Significance of gingival keratinization – gingival biotype and what it affects

Back to the theme of the attached keratinized gingiva. We already know that the connective tissue attachment of the implant is several times worse in functionality and stability compared to a living tooth. This means that the function of stabilizing soft tissues around the implant falls on the attached gingiva. Therefore, it is important that it is wide enough and well keratinized to provide adequate stability. The photo below shows an attached gingiva that is high-quality both in density and width.. This means that the stability of the implant is likely to be be very high.

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The dense and wide gingiva provides mechanical stability to the entire soft-tissue complex. It is currently the only source of stability for the normal functioning of the gingival cuff. In general, without a good quality attached gingiva, there can be no good prognosis for long-term implant survival.

Notice in the illustration below, in the first photo it is hard to detect exactly where the implant is located. We see a wide, well-developed keratinized gingiva.

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The second image of a radiograph that shows that the bone ridge is quite far from the implant-abutment line. The image was taken two years after placement, during which time the alveolar ridge was noticeably resorbed and a hole was formed around the implant. In spite of this, the implant performs perfectly. The fact that this implant case can be considered clinically successful is largely due to the healthy and dense keratinized gingiva.

It is also important to consider the patient’s biotype by the type and location of keratinized tissue.

The photo below shows well-defined biotypes. In the first photo, the so-called thick or as it is also called the flat biotype (flat). There is always a lot of keratinized tissue, and, as a rule, the width of the alveolar crest is larger. Also, in this biotype, the gum papillae are not very high, and the teeth look square.

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The second photo shows a subtle or festonated biotype. The keratinized gingiva are smaller here, the teeth seem to be bare above and more often have a triangular shape. The gingival papillae between teeth are much higher compared to the thick gingival biotype.

The gingival biotype is directly related to gingival cuff height. Look at the results of research conducted in 2013.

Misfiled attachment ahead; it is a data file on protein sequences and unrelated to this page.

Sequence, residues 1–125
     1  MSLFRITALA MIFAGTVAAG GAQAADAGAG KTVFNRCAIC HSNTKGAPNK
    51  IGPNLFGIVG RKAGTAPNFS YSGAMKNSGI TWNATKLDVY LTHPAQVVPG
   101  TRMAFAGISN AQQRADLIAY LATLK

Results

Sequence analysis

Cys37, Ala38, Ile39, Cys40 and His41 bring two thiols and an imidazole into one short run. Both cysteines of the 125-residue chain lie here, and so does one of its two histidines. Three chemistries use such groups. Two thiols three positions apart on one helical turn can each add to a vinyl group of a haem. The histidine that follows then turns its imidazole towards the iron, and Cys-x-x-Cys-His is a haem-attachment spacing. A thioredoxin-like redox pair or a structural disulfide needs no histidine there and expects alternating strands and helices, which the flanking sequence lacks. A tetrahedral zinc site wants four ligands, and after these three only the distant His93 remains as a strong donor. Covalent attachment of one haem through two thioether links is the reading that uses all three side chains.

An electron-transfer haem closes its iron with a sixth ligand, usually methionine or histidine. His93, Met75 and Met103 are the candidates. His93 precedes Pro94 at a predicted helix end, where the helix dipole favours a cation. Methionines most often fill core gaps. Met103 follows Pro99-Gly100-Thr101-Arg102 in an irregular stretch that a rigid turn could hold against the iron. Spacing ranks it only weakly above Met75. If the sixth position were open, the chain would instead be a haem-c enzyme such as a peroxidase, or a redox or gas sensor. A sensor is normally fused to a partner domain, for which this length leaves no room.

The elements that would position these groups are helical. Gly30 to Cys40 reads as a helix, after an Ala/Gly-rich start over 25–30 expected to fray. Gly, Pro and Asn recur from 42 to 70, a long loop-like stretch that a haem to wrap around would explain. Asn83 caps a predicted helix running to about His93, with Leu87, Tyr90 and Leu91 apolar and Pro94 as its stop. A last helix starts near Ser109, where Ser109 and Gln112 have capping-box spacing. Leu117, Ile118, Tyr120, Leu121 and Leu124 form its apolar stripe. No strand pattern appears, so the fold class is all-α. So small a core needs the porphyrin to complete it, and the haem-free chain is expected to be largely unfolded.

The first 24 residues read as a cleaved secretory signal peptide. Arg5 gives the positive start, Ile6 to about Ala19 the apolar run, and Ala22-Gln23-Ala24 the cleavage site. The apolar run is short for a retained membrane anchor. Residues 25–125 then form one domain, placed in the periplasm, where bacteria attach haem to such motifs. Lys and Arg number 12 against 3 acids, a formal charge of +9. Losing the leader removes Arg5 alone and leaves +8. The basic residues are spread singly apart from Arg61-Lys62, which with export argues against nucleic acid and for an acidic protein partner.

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The situation with soft tissues in all projections was assessed here, and the following pattern was noticed – with a thick biotype, the total height of all gingival cuff structures is always less. With a thin one, the total height of all gingival cuff structures is higher – the difference is more than a millimeter, see the table below.

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This is most likely due to the greater massiveness of the dense keratinized gingiva with a thick biotype. That is, to achieve the same functions in terms of stability and strength, a lower height of supracrestal tissue attachment is sufficient.

This information is just to show how wrong it is to use average gingival cuff heights. Everything is individual and there are many factors to consider. The biotype is one of the most important factors and must be taken into account when we prepare the implant bed and prepare for the restoration. It is important to understand that when we are working on thin tissues, we need to leave more room for the soft tissue cuff to form.

If there is not enough space, the body will free up space for the gingival cuff due to the bone of the alveolar crest. How exactly the body starts the process of local resorption of the alveolar crest will be analyzed in the next article from the cycle devoted to soft tissue integration.

What is “Biological Width” and why the term is no longer used

In literature and articles, the term – biologic width – is still used. This term refers to a complex of soft tissue attachment including:

  • gingival sulcus (sulcus);
  • epithelial accession;
  • connective tissue accession.

In this article, we have often used the term gingival sulcus as it is more intuitive. The term itself cannot be considered entirely unfortunate, as it was used in operations to restore broken teeth. Dentists were advised to free up space to that very biological width (2.7-3 mm) to form a soft-tissue connection. For clinical indications, it was recommended to remove part of the alveolar ridge to provide space – the biological width.

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However, today the term is considered not to be entirely successful and largely counterintuitive, even despite explanations and transcripts. Therefore, in 2017, a new formulation was officially proposed by the International Periodontology Group: supracrestal attachments.

The new term is exhaustive and understandable, and applies equally to the soft tissues surrounding a living tooth and to the gingival cuff around the implant.

In the next article we will look at how supracrestal attachments form and develop during the healing process, how the location of the implant abutment line affects bone resorption and what role the soft tissue attachment has in this.

Until future publications.